My fatigue lessened, and I started to view labor and delivery as my next major physical challenge. I ran, swam and danced, knowing that a healthy, conditioned body contributes to a healthy delivery. I started to savor stretching and strength-building, thanks to the pregnancy hormones that make joints and muscles more limber and flexible to prepare the body for growth and delivery.

I loved identifying and isolating the muscles I’d use to support my growing belly, and later, deliver the baby. Birth wasn’t something to be scared of. It was an opportunity to test my endurance, and grow from the experience.

With my growing appreciation of the power of the female body came my increasing appetite for sex. ‘Doesn’t it turn you on that my body has the power to grow the life we made?’ I asked my husband, who was just glad I wasn’t curled in a miserable ball of nausea anymore.

I felt vibrant, alive and empowered. By week 20, I was able to embrace my pregnancy, and experience the magic that grows alongside the life inside of you. And believe me, I am the last person who would use a phrase like ‘experience the magic’.

It’s not like I turned some corner, and started puking rainbows. I still have aches and nausea and raging hormones, and of course, anxiety about how this new person will fit into our lives. I still stress about maintaining a healthy diet and weight, and I still freak out when I step on a scale.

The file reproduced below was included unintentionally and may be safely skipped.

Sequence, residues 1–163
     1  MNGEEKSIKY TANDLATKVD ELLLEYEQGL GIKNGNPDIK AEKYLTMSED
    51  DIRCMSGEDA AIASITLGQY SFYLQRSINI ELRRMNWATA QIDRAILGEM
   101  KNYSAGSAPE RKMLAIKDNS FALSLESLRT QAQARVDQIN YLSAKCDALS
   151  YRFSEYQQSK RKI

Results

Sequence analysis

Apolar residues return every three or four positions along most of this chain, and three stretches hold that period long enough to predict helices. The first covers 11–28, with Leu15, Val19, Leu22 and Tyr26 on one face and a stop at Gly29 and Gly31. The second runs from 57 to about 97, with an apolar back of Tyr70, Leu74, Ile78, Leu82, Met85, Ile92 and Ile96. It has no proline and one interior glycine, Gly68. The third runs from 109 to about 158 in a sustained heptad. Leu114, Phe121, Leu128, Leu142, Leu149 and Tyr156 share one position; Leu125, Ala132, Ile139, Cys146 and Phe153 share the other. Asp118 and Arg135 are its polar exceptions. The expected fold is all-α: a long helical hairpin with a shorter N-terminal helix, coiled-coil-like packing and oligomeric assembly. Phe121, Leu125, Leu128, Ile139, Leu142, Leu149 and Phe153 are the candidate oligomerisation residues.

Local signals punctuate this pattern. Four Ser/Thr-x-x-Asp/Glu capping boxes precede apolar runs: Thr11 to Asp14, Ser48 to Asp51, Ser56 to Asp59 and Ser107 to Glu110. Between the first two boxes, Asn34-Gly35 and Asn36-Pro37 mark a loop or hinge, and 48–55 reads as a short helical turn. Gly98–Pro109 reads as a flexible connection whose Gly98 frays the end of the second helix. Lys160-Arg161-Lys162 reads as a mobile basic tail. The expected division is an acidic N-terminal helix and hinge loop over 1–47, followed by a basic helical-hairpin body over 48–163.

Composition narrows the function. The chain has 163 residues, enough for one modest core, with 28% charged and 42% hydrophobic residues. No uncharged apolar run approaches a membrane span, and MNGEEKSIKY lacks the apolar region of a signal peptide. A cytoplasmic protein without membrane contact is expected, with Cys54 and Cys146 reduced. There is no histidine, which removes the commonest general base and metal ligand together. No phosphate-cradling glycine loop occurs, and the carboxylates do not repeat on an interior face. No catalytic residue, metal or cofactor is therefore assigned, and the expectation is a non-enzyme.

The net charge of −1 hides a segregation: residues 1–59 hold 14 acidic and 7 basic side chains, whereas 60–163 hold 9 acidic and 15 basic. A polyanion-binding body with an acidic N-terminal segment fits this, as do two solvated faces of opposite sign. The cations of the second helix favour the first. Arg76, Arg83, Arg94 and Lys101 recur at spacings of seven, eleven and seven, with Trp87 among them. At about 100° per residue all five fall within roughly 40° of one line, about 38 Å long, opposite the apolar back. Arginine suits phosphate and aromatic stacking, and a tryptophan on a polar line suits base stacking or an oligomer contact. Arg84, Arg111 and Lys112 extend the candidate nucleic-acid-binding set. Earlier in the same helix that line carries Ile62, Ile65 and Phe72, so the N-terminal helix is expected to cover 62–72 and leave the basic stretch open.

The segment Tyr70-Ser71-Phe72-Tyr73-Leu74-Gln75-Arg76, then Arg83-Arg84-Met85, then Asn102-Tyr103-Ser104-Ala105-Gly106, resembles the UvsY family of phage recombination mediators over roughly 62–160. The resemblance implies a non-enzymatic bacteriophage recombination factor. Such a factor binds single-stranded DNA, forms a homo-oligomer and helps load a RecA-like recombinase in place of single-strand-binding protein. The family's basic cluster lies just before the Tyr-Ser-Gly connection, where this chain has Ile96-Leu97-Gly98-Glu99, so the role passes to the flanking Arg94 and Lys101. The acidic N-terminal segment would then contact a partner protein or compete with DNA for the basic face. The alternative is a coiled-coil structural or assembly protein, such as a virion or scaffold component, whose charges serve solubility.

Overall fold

But acknowledging my fears, allowing myself to cry in prenatal yoga or panic with my friends, and exploring things I refused to think about for years built a platform for change.

Knocking down my wall of resistance to phrases I’d previously dismissed as ‘cheesy’, like ‘empowering birth’ and ‘embracing your motherhood’ and ‘opening your body’ has, well, opened my mind and self to positive changes.

I trust my body, and my feminine instinct, which I will listen to during labor and delivery. And I know all will not go as planned, but I trust myself to handle those changes. This is my rite of passage to motherhood, and I hope this essay encourages you to find yours.

Love to all of you.

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This post is written by our guest blogger, Amber Petrovich. Thank you, Amber, for sharing your thoughts.